The X2.2-class solar flare of 2011 February 15 produced a powerful "sunquake" event, representing a helioseismic response to the flare impact in the solar photosphere, which was observed with the Helioseismic and Magnetic Imager (HMI) instrument on board the Solar Dynamics Observatory (SDO). The impulsively excited acoustic waves formed a compact wave packet traveling through the solar interior and appearing on the surface as expanding wave ripples. The initial flare impacts were observed in the form of compact and rapid variations of the Doppler velocity, line-of-sight magnetic field, and continuum intensity. These variations formed a typical two-ribbon flare structure, and are believed to be associated with thermal and hydrodynamic effects of high-energy particles heating the lower atmosphere. The analysis of the SDO/HMI and X-ray data from RHESSI shows that the helioseismic waves were initiated by the photospheric impact in the early impulsive phase, observed prior to the hard X-ray (50-100keV) impulse, and were probably associated with atmospheric heating by relatively low-energy electrons (6-50keV) and heat flux transport. The impact caused a short motion in the sunspot penumbra prior to the appearance of the helioseismic wave. It is found that the helioseismic wave front traveling through a sunspot had a lower amplitude and was significantly delayed relative to the front traveling outside the spot. These observations open new perspectives for studying the flare photospheric impacts and for using the flare-excited waves for sunspot seismology.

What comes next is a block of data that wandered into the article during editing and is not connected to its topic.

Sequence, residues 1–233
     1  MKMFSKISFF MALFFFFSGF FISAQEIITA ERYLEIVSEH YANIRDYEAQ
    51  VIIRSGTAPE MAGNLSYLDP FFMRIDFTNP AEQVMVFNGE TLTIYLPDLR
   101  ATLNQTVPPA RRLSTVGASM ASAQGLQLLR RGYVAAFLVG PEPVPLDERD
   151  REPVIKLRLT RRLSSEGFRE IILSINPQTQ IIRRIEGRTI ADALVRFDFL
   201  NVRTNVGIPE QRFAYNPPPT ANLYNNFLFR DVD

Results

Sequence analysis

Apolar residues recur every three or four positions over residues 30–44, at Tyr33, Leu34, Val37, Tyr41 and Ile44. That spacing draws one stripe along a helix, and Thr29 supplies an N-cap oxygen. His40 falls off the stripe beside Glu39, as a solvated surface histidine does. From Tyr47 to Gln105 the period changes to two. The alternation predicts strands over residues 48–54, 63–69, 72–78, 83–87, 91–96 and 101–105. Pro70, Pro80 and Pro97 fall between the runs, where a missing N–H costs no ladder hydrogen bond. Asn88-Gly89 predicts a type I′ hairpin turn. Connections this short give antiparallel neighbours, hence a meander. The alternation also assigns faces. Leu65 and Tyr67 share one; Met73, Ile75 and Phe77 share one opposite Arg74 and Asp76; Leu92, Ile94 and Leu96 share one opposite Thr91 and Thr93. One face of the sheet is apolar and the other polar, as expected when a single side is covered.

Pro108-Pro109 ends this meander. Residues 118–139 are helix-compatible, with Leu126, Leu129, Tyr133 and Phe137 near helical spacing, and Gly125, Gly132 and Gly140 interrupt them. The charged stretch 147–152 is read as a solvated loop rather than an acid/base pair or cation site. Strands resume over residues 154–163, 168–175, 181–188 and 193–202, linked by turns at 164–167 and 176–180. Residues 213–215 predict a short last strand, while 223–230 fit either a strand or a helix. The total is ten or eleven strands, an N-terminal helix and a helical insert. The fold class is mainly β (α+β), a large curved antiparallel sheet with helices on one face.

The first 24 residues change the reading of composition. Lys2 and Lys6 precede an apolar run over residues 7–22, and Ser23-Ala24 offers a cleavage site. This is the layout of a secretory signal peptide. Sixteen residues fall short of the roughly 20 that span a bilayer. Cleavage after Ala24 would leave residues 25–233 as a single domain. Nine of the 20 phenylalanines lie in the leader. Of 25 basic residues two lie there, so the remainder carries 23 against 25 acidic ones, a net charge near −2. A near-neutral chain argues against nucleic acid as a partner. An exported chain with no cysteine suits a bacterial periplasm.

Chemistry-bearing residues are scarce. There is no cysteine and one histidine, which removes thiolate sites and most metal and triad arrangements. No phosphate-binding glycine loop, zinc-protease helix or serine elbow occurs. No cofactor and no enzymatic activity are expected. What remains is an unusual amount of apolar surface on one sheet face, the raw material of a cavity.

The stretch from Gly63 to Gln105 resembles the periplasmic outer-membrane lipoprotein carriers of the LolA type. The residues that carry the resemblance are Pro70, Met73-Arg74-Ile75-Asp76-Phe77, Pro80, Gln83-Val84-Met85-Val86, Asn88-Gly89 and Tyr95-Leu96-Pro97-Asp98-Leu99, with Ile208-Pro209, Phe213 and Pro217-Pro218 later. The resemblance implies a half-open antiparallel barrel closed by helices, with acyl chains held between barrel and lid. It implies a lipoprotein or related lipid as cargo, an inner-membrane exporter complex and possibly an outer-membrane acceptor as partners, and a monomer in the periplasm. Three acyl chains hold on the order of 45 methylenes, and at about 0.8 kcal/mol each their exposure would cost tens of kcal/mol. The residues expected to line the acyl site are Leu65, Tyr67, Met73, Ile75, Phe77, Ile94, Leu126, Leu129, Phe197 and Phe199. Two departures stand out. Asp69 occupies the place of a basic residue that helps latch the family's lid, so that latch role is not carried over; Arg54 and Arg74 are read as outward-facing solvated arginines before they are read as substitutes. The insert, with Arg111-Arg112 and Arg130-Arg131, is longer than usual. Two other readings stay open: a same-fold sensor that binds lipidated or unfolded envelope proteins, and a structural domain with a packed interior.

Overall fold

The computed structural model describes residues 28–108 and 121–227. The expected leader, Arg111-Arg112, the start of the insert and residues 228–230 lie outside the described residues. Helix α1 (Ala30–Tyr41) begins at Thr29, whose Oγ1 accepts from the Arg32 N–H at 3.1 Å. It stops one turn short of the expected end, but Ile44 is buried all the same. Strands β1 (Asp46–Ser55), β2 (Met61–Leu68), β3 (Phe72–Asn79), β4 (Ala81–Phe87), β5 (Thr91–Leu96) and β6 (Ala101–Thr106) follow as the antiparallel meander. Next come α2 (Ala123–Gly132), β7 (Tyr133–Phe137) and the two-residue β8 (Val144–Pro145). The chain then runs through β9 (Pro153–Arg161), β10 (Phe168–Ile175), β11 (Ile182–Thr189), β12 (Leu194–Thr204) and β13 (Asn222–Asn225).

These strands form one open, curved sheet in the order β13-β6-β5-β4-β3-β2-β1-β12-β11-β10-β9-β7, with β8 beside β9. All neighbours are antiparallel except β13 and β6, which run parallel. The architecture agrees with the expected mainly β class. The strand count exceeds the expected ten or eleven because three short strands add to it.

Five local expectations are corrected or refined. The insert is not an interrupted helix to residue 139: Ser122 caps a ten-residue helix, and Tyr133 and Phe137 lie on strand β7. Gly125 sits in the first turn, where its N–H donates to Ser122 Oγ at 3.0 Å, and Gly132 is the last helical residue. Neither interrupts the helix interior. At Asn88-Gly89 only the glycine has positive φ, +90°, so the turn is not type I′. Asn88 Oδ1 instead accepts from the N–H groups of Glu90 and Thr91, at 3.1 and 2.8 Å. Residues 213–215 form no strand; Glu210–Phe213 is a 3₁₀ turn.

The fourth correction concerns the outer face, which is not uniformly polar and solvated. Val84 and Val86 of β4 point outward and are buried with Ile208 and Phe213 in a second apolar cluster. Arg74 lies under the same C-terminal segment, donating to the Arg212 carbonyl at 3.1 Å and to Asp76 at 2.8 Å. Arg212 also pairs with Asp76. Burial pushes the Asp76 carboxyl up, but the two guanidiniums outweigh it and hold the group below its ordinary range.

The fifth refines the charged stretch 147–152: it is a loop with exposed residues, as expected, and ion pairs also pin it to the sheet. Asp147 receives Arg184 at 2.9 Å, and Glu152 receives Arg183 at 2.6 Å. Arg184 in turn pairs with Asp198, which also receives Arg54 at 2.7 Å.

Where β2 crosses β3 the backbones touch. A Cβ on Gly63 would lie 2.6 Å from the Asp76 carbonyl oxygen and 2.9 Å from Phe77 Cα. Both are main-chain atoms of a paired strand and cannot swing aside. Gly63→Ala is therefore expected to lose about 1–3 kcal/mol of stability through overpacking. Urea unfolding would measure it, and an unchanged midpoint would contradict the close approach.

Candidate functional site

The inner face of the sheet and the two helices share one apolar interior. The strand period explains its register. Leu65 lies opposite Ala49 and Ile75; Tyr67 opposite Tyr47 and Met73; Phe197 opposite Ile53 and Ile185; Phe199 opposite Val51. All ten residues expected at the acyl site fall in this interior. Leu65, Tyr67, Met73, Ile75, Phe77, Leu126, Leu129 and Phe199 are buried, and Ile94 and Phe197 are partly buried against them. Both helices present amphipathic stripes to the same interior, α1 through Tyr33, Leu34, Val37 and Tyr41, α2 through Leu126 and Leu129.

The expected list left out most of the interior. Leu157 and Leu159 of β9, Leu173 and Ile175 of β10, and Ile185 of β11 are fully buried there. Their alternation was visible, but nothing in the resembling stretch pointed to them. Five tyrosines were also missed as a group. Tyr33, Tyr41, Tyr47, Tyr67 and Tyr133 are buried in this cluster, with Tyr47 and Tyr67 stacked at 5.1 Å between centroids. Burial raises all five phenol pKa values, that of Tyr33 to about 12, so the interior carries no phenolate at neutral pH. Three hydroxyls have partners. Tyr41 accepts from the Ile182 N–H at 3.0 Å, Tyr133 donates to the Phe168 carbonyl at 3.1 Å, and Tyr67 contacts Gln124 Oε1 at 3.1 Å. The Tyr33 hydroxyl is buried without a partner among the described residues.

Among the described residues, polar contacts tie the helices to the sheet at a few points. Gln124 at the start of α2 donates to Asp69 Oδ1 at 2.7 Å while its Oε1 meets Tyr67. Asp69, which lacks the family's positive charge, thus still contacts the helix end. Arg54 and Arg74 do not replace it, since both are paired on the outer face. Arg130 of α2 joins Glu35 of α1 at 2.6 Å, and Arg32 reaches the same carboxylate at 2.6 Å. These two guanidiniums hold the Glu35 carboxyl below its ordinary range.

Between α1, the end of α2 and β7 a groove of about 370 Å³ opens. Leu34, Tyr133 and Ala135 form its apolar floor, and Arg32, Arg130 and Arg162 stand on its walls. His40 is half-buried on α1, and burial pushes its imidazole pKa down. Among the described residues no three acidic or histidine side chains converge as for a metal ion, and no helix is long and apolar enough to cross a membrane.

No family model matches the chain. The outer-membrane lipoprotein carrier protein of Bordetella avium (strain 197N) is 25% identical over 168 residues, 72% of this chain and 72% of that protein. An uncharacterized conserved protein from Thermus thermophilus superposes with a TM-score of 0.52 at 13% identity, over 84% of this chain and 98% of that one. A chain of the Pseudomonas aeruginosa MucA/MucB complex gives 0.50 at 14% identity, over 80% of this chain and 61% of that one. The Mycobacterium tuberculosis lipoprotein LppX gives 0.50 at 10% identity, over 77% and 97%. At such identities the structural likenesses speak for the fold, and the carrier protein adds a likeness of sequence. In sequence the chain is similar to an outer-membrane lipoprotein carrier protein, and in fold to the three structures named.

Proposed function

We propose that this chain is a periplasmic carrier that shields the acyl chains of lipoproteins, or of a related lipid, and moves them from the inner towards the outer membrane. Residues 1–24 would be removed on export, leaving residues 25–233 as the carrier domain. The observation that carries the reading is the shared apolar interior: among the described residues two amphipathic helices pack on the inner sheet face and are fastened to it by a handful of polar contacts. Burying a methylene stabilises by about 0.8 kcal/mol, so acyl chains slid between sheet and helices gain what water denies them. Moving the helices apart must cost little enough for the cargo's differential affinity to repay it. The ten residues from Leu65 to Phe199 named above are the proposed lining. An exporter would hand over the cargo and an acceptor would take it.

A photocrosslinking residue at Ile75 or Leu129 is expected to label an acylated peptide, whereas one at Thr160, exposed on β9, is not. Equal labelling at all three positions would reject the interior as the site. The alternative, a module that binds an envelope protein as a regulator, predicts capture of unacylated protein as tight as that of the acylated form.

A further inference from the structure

All Science Journal Classification (ASJC) codes
- Astronomy and Astrophysics
- Space and Planetary Science